The Nutrition Label: Old and New

Sticking with the nutrition theme this week, let’s take a look at the new nutrition label and talk about how to read it, some of the changes you’ll see, and why this is so beneficial for the consumer. Before we look at the contents of the nutrition label, let’s see what the old and new look like side by side.

2355.jpg
Side-by-side Comparison of the New and Old Nutrition Labels

Right off the bat, we can see the new label is visually different than the original one. The calories and servings are printed much larger and easier to read. In addition, as we glance further down, Different nutrients are listed, depending on the food, and there is a better explanation of % Daily Value (%DV). You may not see the new label on all grocery staples right away. It’s not required until July 2018, so expect to see the old ones disappearing for the next few months.

Let’s break it down into sections and talk a little bit more in depth about each: serving size and calories, % daily value, fat content, and sugars.

Serving Size and Calories

Here we see a bold, larger print for the calories. It grabs your attention right away, instead of getting lost in the shuffle. We can see that bold font applies to the serving size as well.

Serving size is important as it dictates how we read the rest of the label and how much of each food is a serving. You may even be surprised at what “1 serving” is of some calorically dense foods, such as pasta.

health-fitness-2012-05-0523-portions-pasta_at
On the top, a typical portion of pasta. On the bottom, the actual serving size of pasta. As you can see, there’s a significant difference!

It’s important to take servings into account so that you’re not inadvertently taking in more calories than you think. Especially if you’re trying to watch what you’re eating, if you track one serving but it’s actually two, you’ll be eating double calories, fats, carbohydrate and protein. That won’t help you out with that fat loss goal.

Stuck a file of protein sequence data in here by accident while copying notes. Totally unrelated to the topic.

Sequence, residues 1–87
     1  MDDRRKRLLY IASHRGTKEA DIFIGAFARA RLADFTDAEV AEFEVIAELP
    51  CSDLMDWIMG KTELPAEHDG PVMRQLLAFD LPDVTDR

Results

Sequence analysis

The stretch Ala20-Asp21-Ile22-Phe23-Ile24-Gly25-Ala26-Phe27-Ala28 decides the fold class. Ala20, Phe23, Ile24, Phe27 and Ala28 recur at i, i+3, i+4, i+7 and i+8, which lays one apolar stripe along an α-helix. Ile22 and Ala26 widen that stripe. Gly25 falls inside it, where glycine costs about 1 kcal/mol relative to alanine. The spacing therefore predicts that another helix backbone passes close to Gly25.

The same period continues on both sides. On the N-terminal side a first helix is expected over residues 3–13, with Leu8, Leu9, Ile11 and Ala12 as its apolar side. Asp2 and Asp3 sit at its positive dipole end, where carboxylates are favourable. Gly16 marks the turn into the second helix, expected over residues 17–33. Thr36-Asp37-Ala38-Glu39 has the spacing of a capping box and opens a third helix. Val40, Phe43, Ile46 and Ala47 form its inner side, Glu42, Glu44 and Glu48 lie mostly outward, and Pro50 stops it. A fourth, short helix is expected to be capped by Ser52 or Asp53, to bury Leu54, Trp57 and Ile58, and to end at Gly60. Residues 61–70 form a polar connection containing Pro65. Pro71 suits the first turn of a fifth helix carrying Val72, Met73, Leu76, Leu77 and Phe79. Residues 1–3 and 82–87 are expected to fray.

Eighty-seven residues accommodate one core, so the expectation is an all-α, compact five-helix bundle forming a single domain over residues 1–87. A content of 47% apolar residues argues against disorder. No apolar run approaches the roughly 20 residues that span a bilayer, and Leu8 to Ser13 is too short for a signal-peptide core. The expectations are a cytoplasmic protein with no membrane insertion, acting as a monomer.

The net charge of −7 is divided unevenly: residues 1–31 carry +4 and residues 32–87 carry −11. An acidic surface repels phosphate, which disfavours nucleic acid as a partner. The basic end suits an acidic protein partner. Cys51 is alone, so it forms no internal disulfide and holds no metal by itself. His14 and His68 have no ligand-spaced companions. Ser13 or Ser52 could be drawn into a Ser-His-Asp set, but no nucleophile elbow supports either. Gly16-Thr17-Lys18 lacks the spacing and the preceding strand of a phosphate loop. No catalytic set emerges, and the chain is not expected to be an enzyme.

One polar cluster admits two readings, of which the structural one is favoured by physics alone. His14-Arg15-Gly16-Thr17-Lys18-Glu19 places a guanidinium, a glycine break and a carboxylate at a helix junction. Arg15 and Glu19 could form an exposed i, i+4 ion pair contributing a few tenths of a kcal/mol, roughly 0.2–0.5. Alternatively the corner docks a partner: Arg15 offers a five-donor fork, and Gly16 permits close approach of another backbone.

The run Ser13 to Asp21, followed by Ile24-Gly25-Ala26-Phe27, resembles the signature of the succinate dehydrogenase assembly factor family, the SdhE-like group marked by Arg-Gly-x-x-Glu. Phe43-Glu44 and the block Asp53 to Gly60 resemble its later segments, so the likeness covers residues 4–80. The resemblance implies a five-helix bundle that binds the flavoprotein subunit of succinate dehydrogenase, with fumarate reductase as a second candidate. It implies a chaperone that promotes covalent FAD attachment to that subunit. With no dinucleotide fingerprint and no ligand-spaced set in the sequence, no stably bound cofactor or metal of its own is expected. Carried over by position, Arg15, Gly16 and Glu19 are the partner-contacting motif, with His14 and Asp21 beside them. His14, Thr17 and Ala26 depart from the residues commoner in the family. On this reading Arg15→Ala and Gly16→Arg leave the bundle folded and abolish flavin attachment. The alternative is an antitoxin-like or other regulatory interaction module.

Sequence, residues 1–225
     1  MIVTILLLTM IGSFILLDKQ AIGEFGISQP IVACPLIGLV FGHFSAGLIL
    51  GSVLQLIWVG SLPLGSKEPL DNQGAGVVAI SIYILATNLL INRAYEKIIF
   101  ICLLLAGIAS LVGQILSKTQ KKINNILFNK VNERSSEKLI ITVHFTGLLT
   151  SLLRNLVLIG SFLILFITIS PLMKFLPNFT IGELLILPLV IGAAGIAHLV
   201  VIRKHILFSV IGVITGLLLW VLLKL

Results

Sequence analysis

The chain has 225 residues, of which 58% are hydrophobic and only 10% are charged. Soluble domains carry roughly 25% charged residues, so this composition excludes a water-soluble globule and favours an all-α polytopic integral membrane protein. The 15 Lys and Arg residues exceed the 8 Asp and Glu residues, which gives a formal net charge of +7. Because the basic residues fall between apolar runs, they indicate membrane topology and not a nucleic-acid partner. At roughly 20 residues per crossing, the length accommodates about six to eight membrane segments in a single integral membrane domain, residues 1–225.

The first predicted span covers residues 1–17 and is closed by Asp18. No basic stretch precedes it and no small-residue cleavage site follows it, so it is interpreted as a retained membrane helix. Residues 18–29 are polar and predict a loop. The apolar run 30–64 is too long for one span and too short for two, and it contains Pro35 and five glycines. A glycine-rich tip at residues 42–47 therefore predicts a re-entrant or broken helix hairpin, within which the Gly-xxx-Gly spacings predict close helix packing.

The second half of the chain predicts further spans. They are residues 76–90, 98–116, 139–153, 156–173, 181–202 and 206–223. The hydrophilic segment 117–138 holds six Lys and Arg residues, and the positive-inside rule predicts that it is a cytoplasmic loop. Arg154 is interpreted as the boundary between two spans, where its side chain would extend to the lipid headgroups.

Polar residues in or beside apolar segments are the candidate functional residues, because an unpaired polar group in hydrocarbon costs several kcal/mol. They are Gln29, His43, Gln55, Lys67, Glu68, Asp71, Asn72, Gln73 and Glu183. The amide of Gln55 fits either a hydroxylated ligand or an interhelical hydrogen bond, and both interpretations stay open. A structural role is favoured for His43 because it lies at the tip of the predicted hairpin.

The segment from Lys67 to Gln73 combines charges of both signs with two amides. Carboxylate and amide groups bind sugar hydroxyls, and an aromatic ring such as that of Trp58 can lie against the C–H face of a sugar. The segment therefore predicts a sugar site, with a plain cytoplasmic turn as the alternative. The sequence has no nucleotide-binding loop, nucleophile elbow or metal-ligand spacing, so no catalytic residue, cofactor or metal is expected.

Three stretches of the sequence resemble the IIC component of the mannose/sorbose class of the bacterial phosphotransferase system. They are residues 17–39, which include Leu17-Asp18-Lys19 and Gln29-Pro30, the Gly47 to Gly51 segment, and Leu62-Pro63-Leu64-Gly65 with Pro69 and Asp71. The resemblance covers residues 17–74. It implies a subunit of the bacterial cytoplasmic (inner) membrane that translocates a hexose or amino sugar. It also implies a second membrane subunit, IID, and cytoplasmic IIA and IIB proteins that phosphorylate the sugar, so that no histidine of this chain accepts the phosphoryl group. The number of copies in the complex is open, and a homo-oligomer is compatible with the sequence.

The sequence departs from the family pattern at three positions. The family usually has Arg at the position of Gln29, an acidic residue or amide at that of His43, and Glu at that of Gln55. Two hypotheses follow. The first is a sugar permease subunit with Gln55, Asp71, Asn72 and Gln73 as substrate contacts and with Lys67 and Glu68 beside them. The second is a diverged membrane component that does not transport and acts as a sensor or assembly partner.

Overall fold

Buyer beware! Although the new labels are aiming to list more accurate serving sizes, there may be some foods you may not expect that are multiple servings. This is most common of “gas station snacks” such as grab bags of chips and trail mix. Some of these quick snacks can be 2-3 servings!

Percent Daily Value

The % Daily Value (%DV) hasn’t changed much from the old to the new label. The biggest alteration came from eliminating the excess information at the bottom and opting for a quick, two sentence summary of what it is.

However, this is one of the least useful parts of the nutrition label, in my opinion, simply because it most likely does not pertain to you! All of the %DV given tell you how much of a certain nutrient based on a 2,000 calorie diet. If you were to calculate your macronutrients, it’s likely that you need either over or under this amount; this renders the %DV inaccurate.

For example, a female with a smaller build is most likely going to consume less than the 2,000 calories per day. Someone who is extremely physically active, such as a marathon runner, will need to consume more than the 2,000 calories per day.

Fat Content

Here we’re looking at one specific type of fat: trans fat. This is most often found in packaged, processed foods such as baked goods, biscuits, fried fast foods, and frozen pizzas. These trans fats are artificially created in a process that adds hydrogen to liquid vegetable oils to make them more solid.

Trans fats are linked to increases in LDL cholesterol and decreases in HDL cholesterol. Higher levels of LDL are linked to higher risk of developing heart disease and stroke. However, they’re also cost-effective so they’re used in mass-produced goods, such as the pre-packaged bakery items.